In the days and weeks leading up to Black Flag's reunion show at Warsaw in Brooklyn my interest in attending reached an epic low. The fact that my friends in Cinema Cinema were on the bill was an exciting addition but hell, I could see them most days of the week without the hassle of bouncers, barricades and drunken forty somethings trying to relive their glory days in the mosh pit.

Lucky for me, the excitement of my friends in Cinema Cinema and the fact that they were kind enough to get me on the guest list allowed me the opportunity to have a friend come along and enjoy what had become an extra ticket. By the time Jason got to the club we had already missed the first band and made it to the front just in time to watch Ev and Paul of Cinema Cinema set up their weapons of mass destruction. It was great to be there to celebrate their success. The band has been incredibly busy playing countless shows, recording, making videos while practicing brain surgery as a hobby. The duo put on an amazing show that really doesn't change with the size of the stage, venue or audience. Big, loud, manic hard rock beauty with lots of reverb, distortion and intensity. One of the biggest rushes I got from their set had nothing to do with what they were playing. It was seeing Greg Ginn and Ron Reyes leaning on every note while proudly wearing Cinema Cinema gear. That impressed me a lot. For as long as I can remember going to shows. I've seen too many bands hanging outside the club or backstage while other bands (many of which were their friends poured their hearts out on stage.) A great show and another great opportunity for this very deserving band. They've got a new 7 inch with a cover of PJ Harvey's '50 Ft. Queenie' out on Dromedary Records. Go scoop up a couple of dozen copies.

When I got wind that a forth band was added to the bill I was less than excited. In reality,
I was hoping for a short night and an additional band meant I wasn't getting home anytime soon. That all changed though when Good For You got down to business.
Honestly, I did not know thing one about this band beforehand, but by the time they were half way through their set, I was ready to run out and get the record. Take Black Flag and add skater and all around bad ass Mike Vallely's blues rock elements and you've got yourself a little party.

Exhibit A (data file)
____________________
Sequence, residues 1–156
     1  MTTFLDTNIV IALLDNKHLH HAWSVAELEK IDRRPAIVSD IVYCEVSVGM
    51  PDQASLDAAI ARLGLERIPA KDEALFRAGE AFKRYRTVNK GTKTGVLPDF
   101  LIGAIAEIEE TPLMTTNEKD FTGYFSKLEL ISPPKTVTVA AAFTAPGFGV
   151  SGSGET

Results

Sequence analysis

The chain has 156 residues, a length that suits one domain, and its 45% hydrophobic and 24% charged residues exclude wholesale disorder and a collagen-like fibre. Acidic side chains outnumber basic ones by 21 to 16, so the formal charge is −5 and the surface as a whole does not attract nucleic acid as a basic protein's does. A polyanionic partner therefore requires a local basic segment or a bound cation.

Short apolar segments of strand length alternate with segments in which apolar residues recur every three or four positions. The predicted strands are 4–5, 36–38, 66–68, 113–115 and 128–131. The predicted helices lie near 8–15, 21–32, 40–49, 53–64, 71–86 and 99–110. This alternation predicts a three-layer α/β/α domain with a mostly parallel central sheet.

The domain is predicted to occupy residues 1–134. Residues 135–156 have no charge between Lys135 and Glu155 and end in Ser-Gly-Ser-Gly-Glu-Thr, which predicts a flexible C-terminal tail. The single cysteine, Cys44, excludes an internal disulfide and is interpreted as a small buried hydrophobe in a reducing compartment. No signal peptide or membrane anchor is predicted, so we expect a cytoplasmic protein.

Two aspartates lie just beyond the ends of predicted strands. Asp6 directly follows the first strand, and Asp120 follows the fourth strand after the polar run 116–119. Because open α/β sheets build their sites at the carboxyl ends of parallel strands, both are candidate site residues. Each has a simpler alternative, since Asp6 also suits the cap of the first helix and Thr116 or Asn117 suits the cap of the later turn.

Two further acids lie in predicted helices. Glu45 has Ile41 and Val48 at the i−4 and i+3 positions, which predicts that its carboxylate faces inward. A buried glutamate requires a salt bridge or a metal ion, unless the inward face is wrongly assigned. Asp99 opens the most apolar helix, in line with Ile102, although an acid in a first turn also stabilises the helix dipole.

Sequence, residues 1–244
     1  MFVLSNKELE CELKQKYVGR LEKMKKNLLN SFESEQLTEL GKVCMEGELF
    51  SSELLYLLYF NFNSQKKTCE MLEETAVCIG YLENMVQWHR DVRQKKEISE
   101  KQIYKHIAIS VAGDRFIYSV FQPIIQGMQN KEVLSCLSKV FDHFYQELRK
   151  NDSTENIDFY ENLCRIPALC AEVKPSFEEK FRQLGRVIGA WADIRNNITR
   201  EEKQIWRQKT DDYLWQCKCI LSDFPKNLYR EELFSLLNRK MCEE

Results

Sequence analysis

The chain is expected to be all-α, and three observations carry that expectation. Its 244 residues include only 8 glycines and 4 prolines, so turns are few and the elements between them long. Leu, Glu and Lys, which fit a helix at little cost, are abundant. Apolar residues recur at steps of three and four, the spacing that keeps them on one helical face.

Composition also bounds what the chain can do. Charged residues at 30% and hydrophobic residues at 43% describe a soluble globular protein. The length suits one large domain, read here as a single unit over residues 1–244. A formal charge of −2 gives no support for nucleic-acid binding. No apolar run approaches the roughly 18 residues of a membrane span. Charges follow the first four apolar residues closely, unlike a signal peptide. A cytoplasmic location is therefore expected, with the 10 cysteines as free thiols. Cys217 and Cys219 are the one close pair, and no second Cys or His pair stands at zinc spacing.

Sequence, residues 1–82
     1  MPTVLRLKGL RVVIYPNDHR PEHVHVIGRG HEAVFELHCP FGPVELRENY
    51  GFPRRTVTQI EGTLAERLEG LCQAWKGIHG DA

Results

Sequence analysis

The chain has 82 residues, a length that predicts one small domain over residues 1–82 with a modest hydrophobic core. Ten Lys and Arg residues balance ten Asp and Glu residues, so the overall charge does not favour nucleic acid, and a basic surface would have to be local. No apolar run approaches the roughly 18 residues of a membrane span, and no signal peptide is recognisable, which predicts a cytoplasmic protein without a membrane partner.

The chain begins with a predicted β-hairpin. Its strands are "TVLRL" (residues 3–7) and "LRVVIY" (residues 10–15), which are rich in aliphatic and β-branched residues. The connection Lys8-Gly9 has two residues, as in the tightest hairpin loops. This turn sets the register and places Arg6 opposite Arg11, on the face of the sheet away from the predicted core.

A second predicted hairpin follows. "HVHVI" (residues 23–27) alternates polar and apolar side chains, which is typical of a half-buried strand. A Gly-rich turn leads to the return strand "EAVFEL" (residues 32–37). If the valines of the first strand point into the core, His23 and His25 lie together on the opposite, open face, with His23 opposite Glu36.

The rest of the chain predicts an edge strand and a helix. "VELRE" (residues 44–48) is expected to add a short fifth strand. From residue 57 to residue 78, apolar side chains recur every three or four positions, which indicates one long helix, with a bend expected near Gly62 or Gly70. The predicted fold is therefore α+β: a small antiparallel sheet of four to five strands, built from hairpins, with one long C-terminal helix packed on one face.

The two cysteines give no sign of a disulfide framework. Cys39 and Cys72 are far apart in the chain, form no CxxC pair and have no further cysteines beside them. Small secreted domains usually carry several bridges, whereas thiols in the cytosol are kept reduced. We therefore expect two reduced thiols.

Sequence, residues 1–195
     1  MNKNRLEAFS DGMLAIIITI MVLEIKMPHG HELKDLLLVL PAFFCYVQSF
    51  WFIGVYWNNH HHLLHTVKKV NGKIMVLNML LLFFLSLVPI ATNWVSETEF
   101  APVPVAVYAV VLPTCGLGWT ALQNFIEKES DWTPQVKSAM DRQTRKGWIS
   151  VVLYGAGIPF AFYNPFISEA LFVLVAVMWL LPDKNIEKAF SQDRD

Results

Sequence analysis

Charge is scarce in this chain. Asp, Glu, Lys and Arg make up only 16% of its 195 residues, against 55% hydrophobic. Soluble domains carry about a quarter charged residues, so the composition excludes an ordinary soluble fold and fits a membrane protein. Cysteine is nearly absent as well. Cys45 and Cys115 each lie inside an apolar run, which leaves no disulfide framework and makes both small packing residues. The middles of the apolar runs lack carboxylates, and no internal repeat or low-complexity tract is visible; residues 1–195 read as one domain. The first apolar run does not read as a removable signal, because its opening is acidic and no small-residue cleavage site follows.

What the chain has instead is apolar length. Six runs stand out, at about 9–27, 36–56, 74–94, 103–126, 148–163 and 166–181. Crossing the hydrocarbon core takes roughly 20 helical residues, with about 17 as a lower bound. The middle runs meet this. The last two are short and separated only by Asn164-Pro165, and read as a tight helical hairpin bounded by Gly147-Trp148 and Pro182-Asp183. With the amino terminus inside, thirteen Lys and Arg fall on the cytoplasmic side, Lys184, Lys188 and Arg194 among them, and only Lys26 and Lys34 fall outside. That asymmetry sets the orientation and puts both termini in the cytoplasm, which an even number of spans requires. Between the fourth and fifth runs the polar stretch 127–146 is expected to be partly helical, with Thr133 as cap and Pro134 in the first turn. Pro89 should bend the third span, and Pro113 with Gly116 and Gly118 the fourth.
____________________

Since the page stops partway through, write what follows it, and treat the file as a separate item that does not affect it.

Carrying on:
Mike makes an awesome frontman. During the set  many in the crowd had gotten very drunk, belligerent and downright stupid. Throwing beer at the stage (Yeah, you have to be pretty fucking stupid to waste beer.) But he took it in stride "Throwing beer at me is like throwing a glass of water at the ocean." When things got a little out he hand, he reminded the instigators that he could indeed beat the life out of them. It was a good set. One I was really glad to have experienced.

As Black Flag took the stage the crowd started pushing their way towards the stage. I couldn't help but feel a war was about to break out. I had no idea it was going to be world war III. The crowd went ballistic as Ron Reyes launched into the bands set. As much of my Black Flag history relies on Keith Morris, Henry Rollins and Dez Cadena. I wasn't sure what to expect from Reyes? Would I have a chance to experience a band whose early releases turned this and many other young teens into lifetime Flag bearers? Lucky for me and anyone with a ticket, the latter would firmly apply. This was no old man reliving his salad days. Ron Reyes' presence and overall performance was strictly legit and praise worthy. Watching Greg Ginn firing on all cylinders gave me an entirely new level or respect for him, his work and his integrity. 

As Black Flag ripped through their set I found myself fighting for my own survival, as the crowd pushed forward the photographers at the front were being crushed against the metal barriers. The constant pressing against the gates andassault of feet, fists, kicks and sweat definitely took it's toll. The people fighting to squeeze us out from the front didn't help much. Notable were the group of four or so forty somethings whose drunken mayhem was so idiotic, it made one of their wives visibly distraught.
Then there was the guy who spent most of the GFU and Black Flag sets giving anyone and everyone the middle finger while endlessly screaming "Fuck You" to the bands he paid to see. As I headed out I saw some old friends, many of which I was just to drained to stop and talk to.
Before I could leave I got into an altercation with a guy who almost knocked me over while pushing his way through the crowd. I threw the garbage can that he had pushed over in his direction which prompted him to swing on me. Luckily, he was so drunk that he missed me by a zip code. He would have most certainly ended me if cooler heads  hadn't stepped in to diffuse the situation. Overall, it was a great show that had it's share of challenges and frustration. All things considered, it gave me the chance to experience musical experiences both old and new. I guess you can go back every once in a while.